One northern Nigeria road is kidnap hell

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At least 100 people have been kidnapped along one stretch of road in northern Nigeria in the past few days, officials, witnesses and relatives of the abducted told Reuters, underscoring the insecurity still afflicting parts of the country.

President Muhammadu Buhari won elections in 2015 partly on promises to bring security to Nigeria but struggled to fulfil them. He is now seeking a second term in February 2019.

Critics and opponents question his record of tackling the multitude of conflicts that plague Nigeria from Boko Haram and an Islamic State insurgency in the north-east to clashes between farmers and herders in which hundreds have died.

Kidnapping is also rife. In 2014, the abduction of more than 270 schoolgirls from Chibok shot the Boko Haram Islamist insurgency into the spotlight, prompting the global #BringBackOurGirls campaign.
“Over 120 people were kidnapped between Friday and today along the Birnin Gwari-Kaduna road,” said Surajo Usman, of Nigeria’s National Union of Road Transport Workers, who escaped an abduction himself.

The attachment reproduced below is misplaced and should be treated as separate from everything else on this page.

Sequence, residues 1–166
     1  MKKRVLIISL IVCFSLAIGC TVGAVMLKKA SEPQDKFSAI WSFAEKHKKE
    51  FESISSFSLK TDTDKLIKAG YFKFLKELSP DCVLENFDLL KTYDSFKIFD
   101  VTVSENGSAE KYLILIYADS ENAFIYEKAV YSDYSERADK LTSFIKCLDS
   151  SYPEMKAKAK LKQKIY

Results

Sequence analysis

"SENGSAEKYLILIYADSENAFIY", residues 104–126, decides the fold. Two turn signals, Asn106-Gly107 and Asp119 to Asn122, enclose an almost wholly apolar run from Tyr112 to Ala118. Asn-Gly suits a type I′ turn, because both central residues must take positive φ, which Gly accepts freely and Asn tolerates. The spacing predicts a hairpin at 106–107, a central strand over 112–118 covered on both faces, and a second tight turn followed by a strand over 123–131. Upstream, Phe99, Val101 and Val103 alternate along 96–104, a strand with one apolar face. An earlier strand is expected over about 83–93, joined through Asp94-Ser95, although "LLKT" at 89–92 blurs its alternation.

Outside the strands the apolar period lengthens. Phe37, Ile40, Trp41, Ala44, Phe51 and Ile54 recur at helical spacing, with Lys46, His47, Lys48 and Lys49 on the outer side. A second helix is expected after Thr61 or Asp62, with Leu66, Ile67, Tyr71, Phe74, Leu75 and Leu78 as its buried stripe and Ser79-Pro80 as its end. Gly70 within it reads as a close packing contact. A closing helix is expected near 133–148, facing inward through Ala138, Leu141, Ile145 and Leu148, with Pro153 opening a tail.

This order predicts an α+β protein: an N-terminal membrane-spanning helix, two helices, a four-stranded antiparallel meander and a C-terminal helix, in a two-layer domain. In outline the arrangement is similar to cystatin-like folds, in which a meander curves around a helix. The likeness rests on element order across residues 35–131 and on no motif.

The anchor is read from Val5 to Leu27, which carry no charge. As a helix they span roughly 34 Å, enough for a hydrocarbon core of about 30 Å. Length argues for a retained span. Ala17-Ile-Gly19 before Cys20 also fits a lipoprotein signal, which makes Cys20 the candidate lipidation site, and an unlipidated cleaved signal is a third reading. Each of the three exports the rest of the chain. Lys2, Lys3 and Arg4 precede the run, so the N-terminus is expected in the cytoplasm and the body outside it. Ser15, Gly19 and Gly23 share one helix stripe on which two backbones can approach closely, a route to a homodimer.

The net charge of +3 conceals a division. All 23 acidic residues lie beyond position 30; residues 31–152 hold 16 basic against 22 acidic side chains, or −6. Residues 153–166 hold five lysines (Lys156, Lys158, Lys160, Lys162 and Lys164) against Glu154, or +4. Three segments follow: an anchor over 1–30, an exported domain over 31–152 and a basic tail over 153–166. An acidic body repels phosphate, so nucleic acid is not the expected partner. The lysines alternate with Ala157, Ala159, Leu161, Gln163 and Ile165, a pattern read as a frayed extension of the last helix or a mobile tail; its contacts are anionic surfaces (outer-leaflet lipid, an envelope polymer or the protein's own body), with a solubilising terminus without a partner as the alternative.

Birnin Gwari, in the northern state of Kaduna, is infamous for lawlessness and thick forests provide bandits with hideouts from security forces. Earlier this month, at least 45 people died in an attack on a village in the region.

Bandits have for years frustrated authorities’ attempts to apprehend them. In some cases they amassed thousands of stolen cattle and fought off security agents sent to deal with them.

Yahaya Hussaini, who works for a civil society group, said his organisation’s motorcade was waylaid.
“On Sunday, in our entourage four vehicles were blocked by kidnappers in military fatigue,” he said, adding eight had assault rifles.
“They kidnapped about 48 people,” said Hussaini. “Many of the vehicles attacked are left on the road and the luggage still litters it.”

Ibrahim Aliyu’s daughter was one abducted by kidnappers seeking the equivalent of $16,000. “They contacted me with a five million naira ransom demand,” he said. “Where do I get that kind of money I have never seen in my life?”



Kaduna state commissioner of police, Austin Iwar, told Reuters he would have been informed if there had been reports of attacks, adding he would investigate.